Thank you for participating in the democratic process. I look forward to visiting with you again next week.
At long last, have they left no sense of decency?
White House official Kelly Sadler, during a meeting Thursday, had this to say about Sen. John McCain, R-Ariz., for opposing President Trump’s CIA nominee over her failure to condemn torture: “It doesn’t matter, he’s dying anyway.”
Also Thursday, on Fox Business Network, retired Air Force Lt. Gen. Thomas McInerney had this to say about the torture of McCain, who was shot down over Hanoi with grievous wounds, but refused release to deny his captors a propaganda victory: Torture “worked on John. That’s why they call him ‘Songbird John.’”
And three days earlier, Sen. Orrin G. Hatch, R-Utah, a Trump cheerleader, declared the terminally ill McCain “ridiculous” to prefer that Trump, who has belittled McCain and his heroism, not attend his funeral.
Hatch, Sadler and the host of the Fox Business show have all apologized, as they should. But how did we let partisanship take us to this ugly place?
McCain is still with us, and this is no obituary. But as Trump loyalists besmirch this good man, I thought I would put in writing what I have often thought over the years: John McCain is the single greatest political leader of our time. He is, in a way, not of our time, for his creed — country before self — is unfamiliar to many who serve in office and utterly foreign to the man in charge.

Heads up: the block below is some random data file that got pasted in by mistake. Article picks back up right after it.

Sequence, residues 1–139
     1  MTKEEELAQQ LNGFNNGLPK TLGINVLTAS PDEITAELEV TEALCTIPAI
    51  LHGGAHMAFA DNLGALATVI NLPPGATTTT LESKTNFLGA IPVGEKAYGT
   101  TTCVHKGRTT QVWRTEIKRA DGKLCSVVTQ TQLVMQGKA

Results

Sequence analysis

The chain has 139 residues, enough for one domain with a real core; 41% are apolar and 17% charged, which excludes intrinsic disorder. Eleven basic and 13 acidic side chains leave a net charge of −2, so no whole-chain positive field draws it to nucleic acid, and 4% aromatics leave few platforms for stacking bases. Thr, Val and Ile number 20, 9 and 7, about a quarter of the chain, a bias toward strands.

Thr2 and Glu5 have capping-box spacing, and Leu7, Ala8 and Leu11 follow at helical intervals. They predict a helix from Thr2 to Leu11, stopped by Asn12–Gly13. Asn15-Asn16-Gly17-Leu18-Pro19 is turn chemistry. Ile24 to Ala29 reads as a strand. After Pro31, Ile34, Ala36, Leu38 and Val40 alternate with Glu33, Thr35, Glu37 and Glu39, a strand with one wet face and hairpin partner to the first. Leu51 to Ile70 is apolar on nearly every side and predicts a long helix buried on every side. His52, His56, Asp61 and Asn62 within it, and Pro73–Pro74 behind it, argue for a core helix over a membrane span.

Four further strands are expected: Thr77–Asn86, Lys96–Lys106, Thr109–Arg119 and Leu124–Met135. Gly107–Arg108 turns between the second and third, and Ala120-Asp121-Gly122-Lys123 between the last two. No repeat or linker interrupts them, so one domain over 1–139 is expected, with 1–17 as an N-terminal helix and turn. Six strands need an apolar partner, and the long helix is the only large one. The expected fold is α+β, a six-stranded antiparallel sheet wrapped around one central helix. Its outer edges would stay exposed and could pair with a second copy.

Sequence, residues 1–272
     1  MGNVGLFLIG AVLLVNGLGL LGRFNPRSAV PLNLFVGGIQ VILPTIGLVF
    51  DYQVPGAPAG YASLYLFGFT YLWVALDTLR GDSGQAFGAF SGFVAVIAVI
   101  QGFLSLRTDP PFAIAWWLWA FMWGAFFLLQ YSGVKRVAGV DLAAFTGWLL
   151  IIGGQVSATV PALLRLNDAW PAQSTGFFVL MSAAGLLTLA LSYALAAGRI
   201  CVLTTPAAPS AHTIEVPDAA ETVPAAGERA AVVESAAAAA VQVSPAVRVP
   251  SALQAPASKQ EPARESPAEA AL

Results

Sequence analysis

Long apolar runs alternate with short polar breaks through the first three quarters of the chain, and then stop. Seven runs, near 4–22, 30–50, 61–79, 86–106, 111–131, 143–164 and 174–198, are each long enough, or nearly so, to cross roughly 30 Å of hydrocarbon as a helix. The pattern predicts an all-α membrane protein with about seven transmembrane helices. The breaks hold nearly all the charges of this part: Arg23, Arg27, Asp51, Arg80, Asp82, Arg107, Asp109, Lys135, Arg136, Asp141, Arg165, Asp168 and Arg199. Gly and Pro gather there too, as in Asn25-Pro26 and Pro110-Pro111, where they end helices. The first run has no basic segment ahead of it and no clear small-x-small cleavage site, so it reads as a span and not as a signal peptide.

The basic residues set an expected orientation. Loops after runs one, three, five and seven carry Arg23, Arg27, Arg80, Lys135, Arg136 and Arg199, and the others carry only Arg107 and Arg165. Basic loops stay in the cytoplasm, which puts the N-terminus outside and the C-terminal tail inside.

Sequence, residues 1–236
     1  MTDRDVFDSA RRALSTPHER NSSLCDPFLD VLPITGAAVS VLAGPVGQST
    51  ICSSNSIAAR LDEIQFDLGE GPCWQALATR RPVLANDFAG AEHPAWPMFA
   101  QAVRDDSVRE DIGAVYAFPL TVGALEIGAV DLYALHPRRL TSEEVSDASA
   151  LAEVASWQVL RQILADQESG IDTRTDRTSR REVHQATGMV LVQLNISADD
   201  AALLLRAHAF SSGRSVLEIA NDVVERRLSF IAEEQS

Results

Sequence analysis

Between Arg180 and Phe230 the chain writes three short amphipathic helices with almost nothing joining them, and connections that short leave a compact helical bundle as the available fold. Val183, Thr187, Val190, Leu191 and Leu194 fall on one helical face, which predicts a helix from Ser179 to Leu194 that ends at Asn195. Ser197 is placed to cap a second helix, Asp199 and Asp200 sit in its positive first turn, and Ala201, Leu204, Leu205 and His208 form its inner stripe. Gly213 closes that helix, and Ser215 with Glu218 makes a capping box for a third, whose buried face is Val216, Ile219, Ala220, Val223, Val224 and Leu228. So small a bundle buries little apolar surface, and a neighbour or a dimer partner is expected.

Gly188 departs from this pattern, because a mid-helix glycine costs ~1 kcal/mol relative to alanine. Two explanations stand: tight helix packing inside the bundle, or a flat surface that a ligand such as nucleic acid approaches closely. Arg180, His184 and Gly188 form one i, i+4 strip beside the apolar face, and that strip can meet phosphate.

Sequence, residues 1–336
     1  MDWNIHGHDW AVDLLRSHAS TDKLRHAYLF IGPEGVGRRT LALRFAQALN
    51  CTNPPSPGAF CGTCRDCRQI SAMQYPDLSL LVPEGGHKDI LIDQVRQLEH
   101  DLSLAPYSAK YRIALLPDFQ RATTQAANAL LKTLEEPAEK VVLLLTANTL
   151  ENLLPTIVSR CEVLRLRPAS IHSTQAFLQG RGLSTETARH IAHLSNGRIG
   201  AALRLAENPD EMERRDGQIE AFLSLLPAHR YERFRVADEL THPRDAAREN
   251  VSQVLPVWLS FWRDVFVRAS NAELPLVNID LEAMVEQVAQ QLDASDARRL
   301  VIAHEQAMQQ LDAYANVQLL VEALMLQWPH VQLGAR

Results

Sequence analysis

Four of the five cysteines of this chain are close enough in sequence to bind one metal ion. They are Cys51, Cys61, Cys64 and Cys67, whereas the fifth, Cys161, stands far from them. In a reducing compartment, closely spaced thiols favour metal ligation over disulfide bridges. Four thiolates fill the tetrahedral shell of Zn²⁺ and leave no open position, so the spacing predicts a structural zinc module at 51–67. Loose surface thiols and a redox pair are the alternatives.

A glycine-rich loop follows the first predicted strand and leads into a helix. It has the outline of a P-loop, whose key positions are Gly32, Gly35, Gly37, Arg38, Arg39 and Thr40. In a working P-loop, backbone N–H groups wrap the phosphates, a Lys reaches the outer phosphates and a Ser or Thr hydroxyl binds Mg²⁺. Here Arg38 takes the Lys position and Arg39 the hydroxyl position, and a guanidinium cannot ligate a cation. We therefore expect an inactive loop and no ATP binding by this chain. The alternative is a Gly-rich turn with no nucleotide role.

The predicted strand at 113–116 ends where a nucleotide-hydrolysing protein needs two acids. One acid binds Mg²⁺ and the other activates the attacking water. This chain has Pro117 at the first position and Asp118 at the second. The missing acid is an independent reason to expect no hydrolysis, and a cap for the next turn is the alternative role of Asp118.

Only once during the nearly quarter of a century I’ve been covering politics did I think I could work for a politician, and that politician was McCain.
I first got to know him in early 1999, when there were just a few of us driving around New Hampshire with him in an SUV, before the “Straight Talk Express” rolled. Had he beaten George W. Bush (he surely would have defeated Al Gore), and had he been president on Sept. 11, 2001, I know he would have done great things with the national unity Bush ultimately squandered.